Tri-Cities economy adds 100 jobs in March, jobless rate at decades low

The Tri-Cities economy added 100 nonfarm jobs in March and private sector wages were up according to preliminary, non-adjusted numbers from the Bureau of Labor Statistics (BLS).

The unemployment rate for the seven-county region dropped 0.1% to 3.8%. It has been under 4% for six of the past seven months. They are some of the lowest jobless rates the region has seen since 1990.

Employment was up in both March and the first quarter. Although improving, the year-over-year growth rate has slowly trended lower for nine straight months. Job creation is on a similar trend path. It has ebbed for the past six months. But the number of “we’re hiring” signs that have come out during the slow-growth expansion that took off in the summer of 2015 continues pulling additional workers off the sidelines.

There were 200 fewer nonfarm jobs during the first quarter than last year while first-quarter employment was up by 2,500 people and the labor force grew by 200.

Private sector wages were the strongest point in March’s labor market reports.

Average weekly wages for Kingsport-Bristol private sector workers were up for the first time this year. Workers in the four-county metro area saw their monthly weekly average decline 11 times last year as the region posted its first annual private sector wage decline since 2014. The weekly average last month was $640, up from $624 in February and $627 March last year.

Private sector workers in the three-county Johnson City MSA have fared better. Their weekly average wage has increased for 32 consecutive months following a 32-month decline before the labor market recovery took hold in that metro area. March’s weekly average was $722, up from $699 in February and $641 March last year.

Both Tri-Cities MSAs continue to have some of the lowest private sector wages in the state, although the performance of the Johnson City MSA private wage sector has moved it above Morristown MSA to a second-place ranking in Northeast Tennessee. Knoxville had the highest average in March at $892 a week. Nashville private sector workers were the best paid with an average of $898 a week.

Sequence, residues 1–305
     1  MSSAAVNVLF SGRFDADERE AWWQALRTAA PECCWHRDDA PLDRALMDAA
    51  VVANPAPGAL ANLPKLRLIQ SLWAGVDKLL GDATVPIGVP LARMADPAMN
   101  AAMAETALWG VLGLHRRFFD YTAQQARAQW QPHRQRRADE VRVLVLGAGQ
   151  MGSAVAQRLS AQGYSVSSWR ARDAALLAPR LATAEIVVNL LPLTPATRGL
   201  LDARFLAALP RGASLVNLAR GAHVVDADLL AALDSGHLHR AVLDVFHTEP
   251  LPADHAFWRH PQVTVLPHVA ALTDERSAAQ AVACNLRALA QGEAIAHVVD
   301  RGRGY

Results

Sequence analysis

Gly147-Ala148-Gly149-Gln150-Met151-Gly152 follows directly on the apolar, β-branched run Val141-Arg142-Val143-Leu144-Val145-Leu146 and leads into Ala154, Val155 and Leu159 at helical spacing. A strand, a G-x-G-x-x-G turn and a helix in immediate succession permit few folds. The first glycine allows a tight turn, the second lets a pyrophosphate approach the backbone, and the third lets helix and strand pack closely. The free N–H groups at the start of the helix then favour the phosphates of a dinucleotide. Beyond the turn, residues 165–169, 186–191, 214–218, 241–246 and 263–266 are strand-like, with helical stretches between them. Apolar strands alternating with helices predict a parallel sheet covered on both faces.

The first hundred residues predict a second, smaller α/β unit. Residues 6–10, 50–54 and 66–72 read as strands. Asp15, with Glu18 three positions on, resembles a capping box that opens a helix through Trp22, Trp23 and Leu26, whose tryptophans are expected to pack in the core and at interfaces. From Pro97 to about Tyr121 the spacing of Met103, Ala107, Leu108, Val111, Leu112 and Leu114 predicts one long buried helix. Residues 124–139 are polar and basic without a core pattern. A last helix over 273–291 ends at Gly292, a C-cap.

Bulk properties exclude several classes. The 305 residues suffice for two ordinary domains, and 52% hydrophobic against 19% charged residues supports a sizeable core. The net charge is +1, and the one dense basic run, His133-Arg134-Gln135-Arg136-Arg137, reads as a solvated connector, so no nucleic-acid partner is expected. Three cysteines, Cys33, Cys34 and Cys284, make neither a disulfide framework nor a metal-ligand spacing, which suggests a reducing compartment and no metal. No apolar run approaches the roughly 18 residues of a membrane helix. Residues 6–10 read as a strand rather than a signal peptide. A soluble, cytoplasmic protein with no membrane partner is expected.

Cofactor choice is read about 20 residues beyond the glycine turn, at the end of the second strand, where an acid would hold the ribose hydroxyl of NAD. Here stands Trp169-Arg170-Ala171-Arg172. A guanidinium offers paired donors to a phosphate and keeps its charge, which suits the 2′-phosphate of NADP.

Tri-Cities job seekers are in the best labor market they have seen for years.  There are abundant positions open, wages and the labor force are increasing. March’s labor force was at a 49-month high. But none of this means the quality of many of the new jobs or the benefits that go with them are what job seekers would like to see. Underemployment is still an issue and although the economy is improving some workers are still getting by but not getting ahead.

For example, the recent press release for management downsizing at Ballad Heath included a notice that the newly merged system is looking to fill more than 700 open jobs. Most are in the clinical and nursing sectors.

At the same time, there’s the reality that the local economy is adding more low-paying than high paying jobs. Using $50,000 a year as a benchmark for a sustainable living for a household for three, the local economy creates six jobs that pay less than for every one $50,000-a-year or over job. Those numbers come from the BLS and state Department of Employment and Workforce Development’s hot job creation list for the Tri-Cities area.

Here’s how area city and county unemployment rates looked in March:

Bristol – 3.7%.

Johnson City – 3.4%.

Kingsport – 4%.

Carter Co. – 4.1%

Greene Co. – 4.2%.

Hawkins Co. – 4%.

Johnson Co. – 3.7%.

Sullivan Co. – 3.7%.

Unicoi Co.  – 4.9%.

Washington Co. 3.5%.